Hundreds of thousands of laid off Pennsylvania workers are waiting weeks and months for their eligibility to be determined. This has been going on since the start of the pandemic. We demand that claimants who wait longer than 3 weeks to receive an eligibility determination receive unemployment payments immediately.
Pay Our Benefits Now!
The unemployed must not be the scapegoats and victims of an out-of-control system.
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Fact Sheet on Delayed Unemployment Benefits
- There is a backlog of nearly 290,000 unemployment claimants in the state of Pennsylvania whose benefits are being held while the state has not yet determined their eligibility, according to the Department of Labor and Industry.
- It’s estimated that this backlog will take well over six months to process.
- The US Department of Labor has a standard that 80% of cases have an eligibility determination within 21 days and 87% of claims are paid within 14 days. Pennsylvania is failing to meet this standard, as tens of thousands suffer without their benefits.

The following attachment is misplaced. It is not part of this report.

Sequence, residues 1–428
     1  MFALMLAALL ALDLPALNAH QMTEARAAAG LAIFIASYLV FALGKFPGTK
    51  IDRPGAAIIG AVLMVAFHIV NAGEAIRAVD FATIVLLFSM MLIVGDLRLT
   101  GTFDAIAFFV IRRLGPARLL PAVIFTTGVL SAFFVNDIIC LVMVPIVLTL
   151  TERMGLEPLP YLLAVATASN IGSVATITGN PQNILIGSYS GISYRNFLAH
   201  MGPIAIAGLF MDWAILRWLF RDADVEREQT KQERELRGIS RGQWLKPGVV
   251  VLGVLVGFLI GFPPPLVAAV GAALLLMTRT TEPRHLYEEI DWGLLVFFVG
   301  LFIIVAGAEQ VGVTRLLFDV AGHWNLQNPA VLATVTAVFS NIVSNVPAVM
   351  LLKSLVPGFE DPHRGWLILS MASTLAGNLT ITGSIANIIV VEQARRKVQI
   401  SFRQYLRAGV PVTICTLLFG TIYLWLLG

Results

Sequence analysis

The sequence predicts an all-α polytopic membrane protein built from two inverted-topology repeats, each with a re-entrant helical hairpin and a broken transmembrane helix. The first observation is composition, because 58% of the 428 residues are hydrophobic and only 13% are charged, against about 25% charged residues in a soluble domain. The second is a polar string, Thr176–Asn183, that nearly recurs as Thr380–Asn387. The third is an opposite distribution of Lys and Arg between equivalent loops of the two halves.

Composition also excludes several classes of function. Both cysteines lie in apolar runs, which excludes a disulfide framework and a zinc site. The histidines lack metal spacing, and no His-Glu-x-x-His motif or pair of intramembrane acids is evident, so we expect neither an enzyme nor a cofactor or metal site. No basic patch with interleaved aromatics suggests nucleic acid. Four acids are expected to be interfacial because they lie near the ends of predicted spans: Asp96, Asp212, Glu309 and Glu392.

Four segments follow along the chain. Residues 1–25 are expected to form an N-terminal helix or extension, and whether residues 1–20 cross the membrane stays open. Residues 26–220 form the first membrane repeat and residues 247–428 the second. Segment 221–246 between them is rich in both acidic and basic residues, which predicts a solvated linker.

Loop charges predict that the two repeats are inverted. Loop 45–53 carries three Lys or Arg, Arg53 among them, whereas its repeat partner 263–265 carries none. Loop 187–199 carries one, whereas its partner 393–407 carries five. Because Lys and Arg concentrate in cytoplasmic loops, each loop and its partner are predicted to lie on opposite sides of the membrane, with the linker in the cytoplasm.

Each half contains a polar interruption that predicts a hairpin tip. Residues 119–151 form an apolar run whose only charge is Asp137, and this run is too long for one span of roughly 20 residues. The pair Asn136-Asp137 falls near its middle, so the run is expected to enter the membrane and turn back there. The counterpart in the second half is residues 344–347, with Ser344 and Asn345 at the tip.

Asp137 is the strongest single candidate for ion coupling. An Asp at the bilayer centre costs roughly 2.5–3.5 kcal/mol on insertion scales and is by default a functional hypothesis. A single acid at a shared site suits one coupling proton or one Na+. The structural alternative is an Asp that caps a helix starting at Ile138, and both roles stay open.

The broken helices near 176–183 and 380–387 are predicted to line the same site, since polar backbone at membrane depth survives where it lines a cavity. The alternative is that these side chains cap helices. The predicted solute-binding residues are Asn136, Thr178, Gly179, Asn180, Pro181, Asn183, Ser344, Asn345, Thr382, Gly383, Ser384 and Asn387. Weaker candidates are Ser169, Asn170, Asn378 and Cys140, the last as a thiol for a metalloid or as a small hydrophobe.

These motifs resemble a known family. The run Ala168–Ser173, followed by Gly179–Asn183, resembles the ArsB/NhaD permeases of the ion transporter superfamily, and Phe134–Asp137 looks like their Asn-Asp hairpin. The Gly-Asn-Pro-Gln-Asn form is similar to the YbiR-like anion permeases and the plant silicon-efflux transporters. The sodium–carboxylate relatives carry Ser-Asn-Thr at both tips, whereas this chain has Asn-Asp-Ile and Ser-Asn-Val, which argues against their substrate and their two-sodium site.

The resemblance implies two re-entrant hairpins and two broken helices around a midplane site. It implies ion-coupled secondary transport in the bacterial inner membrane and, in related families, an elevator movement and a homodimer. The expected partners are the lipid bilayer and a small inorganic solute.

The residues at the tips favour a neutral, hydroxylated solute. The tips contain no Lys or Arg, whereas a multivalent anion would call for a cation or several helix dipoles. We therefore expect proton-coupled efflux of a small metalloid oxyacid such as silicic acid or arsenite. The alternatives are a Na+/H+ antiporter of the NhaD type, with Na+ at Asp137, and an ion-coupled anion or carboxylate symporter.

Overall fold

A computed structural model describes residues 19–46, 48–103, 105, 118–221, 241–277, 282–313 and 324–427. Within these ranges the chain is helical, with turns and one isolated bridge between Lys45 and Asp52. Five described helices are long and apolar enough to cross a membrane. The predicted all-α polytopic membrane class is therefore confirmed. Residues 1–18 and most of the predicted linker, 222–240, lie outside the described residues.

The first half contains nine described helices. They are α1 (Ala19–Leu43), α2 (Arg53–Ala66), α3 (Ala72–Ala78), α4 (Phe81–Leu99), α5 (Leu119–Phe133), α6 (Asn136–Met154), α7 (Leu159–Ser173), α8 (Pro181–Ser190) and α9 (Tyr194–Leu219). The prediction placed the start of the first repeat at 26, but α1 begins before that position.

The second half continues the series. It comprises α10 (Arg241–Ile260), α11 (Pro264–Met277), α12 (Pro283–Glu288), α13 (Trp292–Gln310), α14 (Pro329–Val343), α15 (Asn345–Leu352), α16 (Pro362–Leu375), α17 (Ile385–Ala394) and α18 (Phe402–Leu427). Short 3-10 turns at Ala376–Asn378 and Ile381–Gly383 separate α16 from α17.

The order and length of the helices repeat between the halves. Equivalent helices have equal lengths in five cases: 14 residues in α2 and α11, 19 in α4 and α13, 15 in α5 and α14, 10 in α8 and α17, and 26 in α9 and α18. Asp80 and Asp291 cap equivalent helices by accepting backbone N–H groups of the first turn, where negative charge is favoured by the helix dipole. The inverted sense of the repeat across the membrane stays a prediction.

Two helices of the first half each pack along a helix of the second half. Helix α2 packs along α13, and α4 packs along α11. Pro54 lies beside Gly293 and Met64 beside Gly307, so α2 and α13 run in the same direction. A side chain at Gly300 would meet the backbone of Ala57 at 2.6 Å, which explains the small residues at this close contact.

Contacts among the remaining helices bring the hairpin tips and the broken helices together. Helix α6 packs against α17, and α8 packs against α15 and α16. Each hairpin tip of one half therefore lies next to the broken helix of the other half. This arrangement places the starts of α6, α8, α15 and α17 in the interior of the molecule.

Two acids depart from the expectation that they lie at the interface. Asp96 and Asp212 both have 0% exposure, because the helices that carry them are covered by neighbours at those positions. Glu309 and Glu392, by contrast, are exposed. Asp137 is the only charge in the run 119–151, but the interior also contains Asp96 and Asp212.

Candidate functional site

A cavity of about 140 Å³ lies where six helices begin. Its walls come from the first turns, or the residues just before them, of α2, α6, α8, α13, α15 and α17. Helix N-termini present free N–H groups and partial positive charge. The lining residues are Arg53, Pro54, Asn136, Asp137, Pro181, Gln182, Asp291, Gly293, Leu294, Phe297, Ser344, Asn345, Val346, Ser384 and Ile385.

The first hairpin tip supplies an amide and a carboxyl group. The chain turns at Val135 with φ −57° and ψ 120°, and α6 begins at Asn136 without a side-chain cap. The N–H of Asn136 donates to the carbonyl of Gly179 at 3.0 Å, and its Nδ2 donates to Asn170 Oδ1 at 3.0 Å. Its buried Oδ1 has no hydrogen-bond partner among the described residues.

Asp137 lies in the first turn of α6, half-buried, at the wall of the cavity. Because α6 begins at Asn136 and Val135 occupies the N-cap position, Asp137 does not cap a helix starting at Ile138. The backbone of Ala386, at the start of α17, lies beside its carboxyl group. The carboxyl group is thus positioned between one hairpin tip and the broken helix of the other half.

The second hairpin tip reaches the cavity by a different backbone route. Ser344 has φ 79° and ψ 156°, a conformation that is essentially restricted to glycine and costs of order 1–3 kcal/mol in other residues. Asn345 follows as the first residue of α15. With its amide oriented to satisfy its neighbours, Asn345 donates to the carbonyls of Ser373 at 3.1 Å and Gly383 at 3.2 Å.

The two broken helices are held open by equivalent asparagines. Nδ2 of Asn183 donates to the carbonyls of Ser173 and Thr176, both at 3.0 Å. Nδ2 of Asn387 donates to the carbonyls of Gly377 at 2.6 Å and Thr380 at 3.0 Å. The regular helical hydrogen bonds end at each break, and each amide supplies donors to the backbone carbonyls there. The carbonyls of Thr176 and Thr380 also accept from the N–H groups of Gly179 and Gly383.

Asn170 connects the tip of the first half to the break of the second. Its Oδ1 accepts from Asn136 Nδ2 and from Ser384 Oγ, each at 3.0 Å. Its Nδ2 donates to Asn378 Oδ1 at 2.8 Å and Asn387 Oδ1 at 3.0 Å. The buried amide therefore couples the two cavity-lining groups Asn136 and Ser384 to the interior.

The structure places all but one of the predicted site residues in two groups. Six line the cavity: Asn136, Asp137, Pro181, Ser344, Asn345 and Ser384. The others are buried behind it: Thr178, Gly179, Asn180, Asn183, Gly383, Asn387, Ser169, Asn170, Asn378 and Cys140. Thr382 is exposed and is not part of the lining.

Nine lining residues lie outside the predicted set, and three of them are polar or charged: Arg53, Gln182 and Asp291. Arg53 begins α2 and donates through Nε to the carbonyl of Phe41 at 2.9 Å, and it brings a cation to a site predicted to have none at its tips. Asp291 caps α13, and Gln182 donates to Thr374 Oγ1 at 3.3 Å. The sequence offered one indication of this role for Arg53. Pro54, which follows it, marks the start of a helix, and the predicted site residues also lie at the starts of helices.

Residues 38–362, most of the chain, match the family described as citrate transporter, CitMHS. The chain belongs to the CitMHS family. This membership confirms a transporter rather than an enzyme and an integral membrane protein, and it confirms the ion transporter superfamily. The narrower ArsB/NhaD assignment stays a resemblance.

- Aside from claimants with undetermined eligibility, many Pennsylvania residents are seeing their existing benefits stopped with no explanation or recourse.
- The State is marching forward in June with a new computer system, which means they won’t be working on this problem, which in fact will become worse.
- Benefits must be given to people after 21 days, if the state does not have the capacity to determine their eligibility by that time. Benefits that have been stopped without written notice must be reinstated.
- Anyone paid under this plan who is ultimately found to be ineligible would only be responsible for repayment of future unemployment benefits. (Unless they lied on their application.)
- A system that can only eliminate fraud by forcing hundreds of thousands of Pennsylvanians to wait months for their benefits while the state tries to make a decision on their eligibility is not acceptable.
- The unemployed must not be the scapegoats and victims of an out-of-control system.
Philadelphia Unemployment Project, 112 N. Broad St. Philadelphia, PA 19102, 215-557-0822 www.Philaup.org